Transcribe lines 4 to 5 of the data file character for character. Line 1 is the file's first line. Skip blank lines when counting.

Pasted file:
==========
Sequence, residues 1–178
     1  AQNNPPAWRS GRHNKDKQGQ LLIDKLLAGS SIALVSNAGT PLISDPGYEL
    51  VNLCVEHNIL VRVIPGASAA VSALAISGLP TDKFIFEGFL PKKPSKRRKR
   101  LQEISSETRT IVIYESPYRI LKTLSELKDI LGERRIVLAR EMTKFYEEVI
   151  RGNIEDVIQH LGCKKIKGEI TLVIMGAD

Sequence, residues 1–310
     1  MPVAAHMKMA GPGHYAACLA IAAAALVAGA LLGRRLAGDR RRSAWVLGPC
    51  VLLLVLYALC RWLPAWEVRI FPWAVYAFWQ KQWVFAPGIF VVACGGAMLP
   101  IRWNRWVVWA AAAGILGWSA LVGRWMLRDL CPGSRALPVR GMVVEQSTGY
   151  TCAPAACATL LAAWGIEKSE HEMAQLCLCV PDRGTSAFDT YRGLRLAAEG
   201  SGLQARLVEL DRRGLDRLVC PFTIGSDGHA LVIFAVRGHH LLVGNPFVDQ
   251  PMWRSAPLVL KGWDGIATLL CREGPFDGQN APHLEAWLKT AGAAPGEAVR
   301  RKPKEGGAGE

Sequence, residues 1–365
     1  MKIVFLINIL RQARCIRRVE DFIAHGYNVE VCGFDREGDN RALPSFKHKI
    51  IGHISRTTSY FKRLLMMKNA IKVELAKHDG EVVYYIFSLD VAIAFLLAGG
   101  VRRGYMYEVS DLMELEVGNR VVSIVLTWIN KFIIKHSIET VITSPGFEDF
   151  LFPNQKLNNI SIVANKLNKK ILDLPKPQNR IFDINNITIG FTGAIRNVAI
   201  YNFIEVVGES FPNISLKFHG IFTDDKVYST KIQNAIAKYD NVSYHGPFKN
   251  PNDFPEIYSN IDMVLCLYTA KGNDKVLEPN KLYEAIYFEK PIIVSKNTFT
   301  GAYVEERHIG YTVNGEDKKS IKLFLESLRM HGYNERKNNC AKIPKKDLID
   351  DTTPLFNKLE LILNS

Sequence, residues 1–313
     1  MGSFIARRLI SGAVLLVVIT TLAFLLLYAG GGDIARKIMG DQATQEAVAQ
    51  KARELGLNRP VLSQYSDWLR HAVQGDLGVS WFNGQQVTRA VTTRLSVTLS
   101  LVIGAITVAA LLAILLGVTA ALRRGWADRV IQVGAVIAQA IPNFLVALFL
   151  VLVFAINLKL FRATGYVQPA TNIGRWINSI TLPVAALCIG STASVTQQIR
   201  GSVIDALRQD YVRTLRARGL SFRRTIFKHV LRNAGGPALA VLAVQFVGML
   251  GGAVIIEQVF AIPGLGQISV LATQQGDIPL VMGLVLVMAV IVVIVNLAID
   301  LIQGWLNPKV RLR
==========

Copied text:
   101  LQEISSETRT IVIYESPYRI LKTLSELKDI LGERRIVLAR EMTKFYEEVI
   151  RGNIEDVIQH LGCKKIKGEI TLVIMGAD